- One of the best ways is for the Leadership Team members to walk through the organization on a regular basis (which they should be doing already) and randomly ask associates probing questions about the news, ideas, issues, or problems that have been communicated. Questions should begin with what, when, how, and why so the answer cannot be just a yes or no.
- Some organizations measure the effectiveness of their visual communication techniques by debriefing extended length visitors (say 2 days or more) about what they learned about the company during their stay.
- An extremely accurate way of measuring communication effectiveness is to have an outside company do associates surveys. When everyone is convinced the survey is blind, accurate information will be received.
Some organizations try to do surveys with their own Human Resources (HR)department but this is not recommended because the blindness of the survey may be questioned by the associates and the results have an opportunity to be manipulated.
At one organization, we told the Leadership Team they should have an outside company conduct a survey because we believed there was an inadequate level of two-way communication in the organization. The CEO assured us we were wrong because their own HR department had been doing internal surveys that showed otherwise. (Later we were told confidentially by a member of the HR department that they manipulated the survey data to make sure it met the CEO's expectations. Apparently a couple of survey data messengers were "shot" before the HR people figured out what the CEO wanted.)
It should be noted that building an organization that does a great job of communicating (as measured by the company's associates responses to externally developed surveys) also begins the development of organization-wide teamwork, since great two-way communication is the first requirement for teamwork to develop in any organization.
Empowerment is not something we do to another person. The best we can do, as leaders, is to provide an environment where empowerment can occur. Leaders cannot just announce or proclaim that their people are "now empowered." They must be proactive in establishing an environment conducive to an empowered workforce. Here are cultural elements of an empowering environment:
- Associates are recognized as the organization's most valuable resource
- Teamwork is utilized throughout the organization
- Decision making is delegated
- Openness, initiative, and risk taking are promoted
- Accountability, credit, responsibility, and ownership are shared (ownership means psychological ownership, not stock certificate ownership)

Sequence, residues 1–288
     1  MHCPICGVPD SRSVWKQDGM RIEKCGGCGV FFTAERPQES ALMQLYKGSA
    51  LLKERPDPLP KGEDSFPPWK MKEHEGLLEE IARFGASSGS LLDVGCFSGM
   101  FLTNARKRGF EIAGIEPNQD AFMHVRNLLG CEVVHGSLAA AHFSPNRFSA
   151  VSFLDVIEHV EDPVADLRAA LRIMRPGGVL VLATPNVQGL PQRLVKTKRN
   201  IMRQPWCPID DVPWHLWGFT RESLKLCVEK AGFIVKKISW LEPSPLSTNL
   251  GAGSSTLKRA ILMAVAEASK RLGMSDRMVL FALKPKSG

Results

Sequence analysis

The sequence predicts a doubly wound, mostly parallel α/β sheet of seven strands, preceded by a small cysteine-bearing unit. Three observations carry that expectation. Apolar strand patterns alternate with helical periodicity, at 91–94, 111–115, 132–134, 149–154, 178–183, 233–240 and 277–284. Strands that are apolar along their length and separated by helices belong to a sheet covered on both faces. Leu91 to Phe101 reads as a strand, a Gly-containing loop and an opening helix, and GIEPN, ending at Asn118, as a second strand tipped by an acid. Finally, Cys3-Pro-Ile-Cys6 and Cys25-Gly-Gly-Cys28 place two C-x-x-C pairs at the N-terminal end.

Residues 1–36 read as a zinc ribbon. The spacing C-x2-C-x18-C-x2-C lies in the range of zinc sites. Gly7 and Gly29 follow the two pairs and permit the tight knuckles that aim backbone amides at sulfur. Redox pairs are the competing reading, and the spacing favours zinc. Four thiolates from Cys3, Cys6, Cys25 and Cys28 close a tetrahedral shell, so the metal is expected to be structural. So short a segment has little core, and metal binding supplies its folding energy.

The largest single barrier to empowerment is the lack of communication.
It is important to understand that associate empowerment is an evolutionary process, not a revolutionary one.
The four components required for teamwork to develop in an organization are:
1) High levels of two-way communication (we covered and mentioned this in the
beginning of this article)
2) Team members with diverse backgrounds
3) Common purpose/motivated by mission
4) Common goals/measurements
Component #2 - Team diversity
The most creative, best problem solving teams are those with team members that have diverse backgrounds. Diversity allows the composite team to view problems/opportunities from many angles or facets - a 360 degree/global view. Every person working on a problem sees the problem from "their angle," facet, or frame of reference. This angle is determined by the person's background, education, experiences, and culture (BEEC). These factors force a person into viewing the problem from that angle or frame of reference. If there are 10 people on a team (or think of it as 9 clones of the same person) and they all have similar BEEC factors, great or even good creativity or problem solutions will not occur because the problem/opportunity is not seen in its entirety. Will the cloned BEEC team come up with a solution, yes. Will it ultimately, in time, be viewed as a good solution, no.
Components #3 (Common purpose/motivated by a mission) and #4 (Common goals/measurements) are usually lumped together.
Everyone in the organization must have customer satisfaction as a common purpose and goal so all will pull in that direction. What things prevent everyone from pulling in the direction of customer satisfaction?
Departmentalization and the lack of "system thinking" are two of them. (We talked in our previous edition about how departmentalization inhibits common purpose and goals). We broadly define the system as the processes required from the time the customer places the order for a product or service, until the service is performed, or the product ships. System thinking requires that all decisions/improvements in an organization are made based on its impact on the 'system efficiency.' If a suggested improvement will improve department efficiency, but will negatively impact the system efficiency, it is not done.
It should be noted that Policy Deployment covers the development of components 3 and 4 in its process.